The tenant lawyer who recently led a groundbreaking court battle over rents at Stuyvesant Town-Peter Cooper Village is up in arms over a Wall Street report that predicts the ruling will drain billions in dollars from the city’s real estate market.
Alex Schmidt charged the Deutsche Bank report is based on “inaccurate assumptions” that “approach the irresponsible,” adding that losses would be “a fraction” of what it predicts, and that it overstates the financial impact of the ruling on New York’s landlords.
“Having studied [the report], it seems apparent it contains a number of assumptions that are either inaccurate or unwarranted,” Schmidt said of the report, which was released earlier this week to much fanfare.
In October, the New York Court of Appeals sided with Schmidt and StuyTown’s tenants over a controversial case charging the owners of the iconic apartment complex of improperly raising rents on thousands of rent-stabilized apartments.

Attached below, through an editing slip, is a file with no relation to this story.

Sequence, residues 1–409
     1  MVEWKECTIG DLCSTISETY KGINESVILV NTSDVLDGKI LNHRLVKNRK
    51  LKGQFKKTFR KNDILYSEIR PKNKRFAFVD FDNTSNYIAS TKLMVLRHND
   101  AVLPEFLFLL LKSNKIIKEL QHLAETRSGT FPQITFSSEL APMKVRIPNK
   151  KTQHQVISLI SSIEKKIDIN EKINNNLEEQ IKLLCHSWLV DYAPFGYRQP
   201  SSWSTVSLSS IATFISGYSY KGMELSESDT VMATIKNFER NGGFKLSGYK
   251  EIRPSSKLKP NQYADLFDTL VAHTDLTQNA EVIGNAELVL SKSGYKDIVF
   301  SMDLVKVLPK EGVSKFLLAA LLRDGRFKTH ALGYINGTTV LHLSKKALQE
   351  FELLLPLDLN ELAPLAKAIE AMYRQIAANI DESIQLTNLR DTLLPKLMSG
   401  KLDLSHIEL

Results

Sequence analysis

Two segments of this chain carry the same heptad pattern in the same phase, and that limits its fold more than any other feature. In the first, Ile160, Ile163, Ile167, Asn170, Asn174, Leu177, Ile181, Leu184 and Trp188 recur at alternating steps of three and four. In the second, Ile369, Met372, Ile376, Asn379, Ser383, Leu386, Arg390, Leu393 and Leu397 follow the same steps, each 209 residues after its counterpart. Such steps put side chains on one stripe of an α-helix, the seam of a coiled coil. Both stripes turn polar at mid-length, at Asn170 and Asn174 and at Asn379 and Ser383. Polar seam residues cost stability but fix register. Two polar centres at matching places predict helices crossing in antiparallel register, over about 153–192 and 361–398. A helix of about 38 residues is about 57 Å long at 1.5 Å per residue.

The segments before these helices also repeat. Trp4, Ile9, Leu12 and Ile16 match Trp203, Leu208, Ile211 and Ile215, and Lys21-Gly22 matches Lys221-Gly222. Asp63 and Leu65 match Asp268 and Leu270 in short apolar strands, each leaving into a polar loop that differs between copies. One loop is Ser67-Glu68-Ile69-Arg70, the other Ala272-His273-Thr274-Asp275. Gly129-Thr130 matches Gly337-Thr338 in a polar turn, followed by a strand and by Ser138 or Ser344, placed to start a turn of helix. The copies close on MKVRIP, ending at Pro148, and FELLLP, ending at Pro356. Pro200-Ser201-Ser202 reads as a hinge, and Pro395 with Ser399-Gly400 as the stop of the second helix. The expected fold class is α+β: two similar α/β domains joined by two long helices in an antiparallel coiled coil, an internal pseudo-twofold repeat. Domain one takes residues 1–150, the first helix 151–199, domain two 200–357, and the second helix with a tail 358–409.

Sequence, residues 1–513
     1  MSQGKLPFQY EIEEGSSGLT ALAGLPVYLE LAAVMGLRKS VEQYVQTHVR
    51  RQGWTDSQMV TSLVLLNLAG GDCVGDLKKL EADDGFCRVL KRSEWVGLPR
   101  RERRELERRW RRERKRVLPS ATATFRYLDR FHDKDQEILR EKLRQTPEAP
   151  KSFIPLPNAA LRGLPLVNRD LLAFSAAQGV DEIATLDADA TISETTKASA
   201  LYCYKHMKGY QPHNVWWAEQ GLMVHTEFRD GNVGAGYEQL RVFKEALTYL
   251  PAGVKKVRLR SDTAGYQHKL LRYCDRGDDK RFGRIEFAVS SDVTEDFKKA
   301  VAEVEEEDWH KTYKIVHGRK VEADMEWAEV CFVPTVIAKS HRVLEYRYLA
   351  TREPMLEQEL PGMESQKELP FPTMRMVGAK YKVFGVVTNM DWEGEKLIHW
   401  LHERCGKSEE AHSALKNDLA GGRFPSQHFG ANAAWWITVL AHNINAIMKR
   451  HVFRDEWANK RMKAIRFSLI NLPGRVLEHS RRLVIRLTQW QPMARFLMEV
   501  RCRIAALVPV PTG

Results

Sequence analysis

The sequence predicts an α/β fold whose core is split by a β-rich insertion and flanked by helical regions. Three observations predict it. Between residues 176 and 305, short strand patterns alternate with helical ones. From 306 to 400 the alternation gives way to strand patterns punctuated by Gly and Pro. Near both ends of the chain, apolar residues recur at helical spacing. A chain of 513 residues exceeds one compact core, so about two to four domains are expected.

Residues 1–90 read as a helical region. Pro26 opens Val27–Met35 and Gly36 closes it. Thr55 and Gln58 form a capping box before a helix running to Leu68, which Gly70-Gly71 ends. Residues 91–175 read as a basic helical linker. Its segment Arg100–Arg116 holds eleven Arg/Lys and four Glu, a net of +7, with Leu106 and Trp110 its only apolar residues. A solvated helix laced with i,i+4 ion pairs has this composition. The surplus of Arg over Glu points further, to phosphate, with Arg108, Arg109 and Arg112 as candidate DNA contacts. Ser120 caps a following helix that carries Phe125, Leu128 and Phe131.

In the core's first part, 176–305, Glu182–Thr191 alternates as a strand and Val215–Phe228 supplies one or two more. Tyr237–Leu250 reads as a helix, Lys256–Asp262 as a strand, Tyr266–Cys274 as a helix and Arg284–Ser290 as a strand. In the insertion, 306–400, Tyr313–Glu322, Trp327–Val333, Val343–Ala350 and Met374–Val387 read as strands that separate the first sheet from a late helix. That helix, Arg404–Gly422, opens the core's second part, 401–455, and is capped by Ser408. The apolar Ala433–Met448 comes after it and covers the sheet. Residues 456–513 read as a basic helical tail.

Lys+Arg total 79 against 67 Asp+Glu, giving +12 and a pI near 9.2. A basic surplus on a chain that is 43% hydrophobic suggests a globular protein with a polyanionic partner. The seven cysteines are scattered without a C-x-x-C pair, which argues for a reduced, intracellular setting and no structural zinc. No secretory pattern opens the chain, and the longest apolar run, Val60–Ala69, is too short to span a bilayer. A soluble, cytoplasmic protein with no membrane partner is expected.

The ruling opened a flood of questions for both StuyTown’s owners, real estate giant Tishman Speyer and money manager BlackRock, and landlords across the city, who suddenly faced the prospect of millions in damages and rent overcharges.
In its investor report, Deutsche Bank said the ruling will result in “a significantly negative impact on the New York apartment investment market for several years.”
“In the end, the court ruling . . . may result in billions of dollars in losses, both to property owners and [commercial mortgage-backed securities] bondholders,” the report warned.
The lawyer fired back in a exclusive interview with The Post that the ruling affects only those apartments built before 1974. What’s more, he said the financial hit will be limited to popular rental areas, such as Manhattan, because market-rate rents in more depressed areas are already low.
“Because rent-stabilized rents go up in lockstep citywide, the rent-stabilized levels in the middle of Queens or the outreaches of Brooklyn are going to exceed market rates in some cases,” he said.
Schmidt also said the bulk of losses to properties like StuyTown are the result of economic forces, not the ruling.
A Deutsche Bank spokeswoman declined to comment.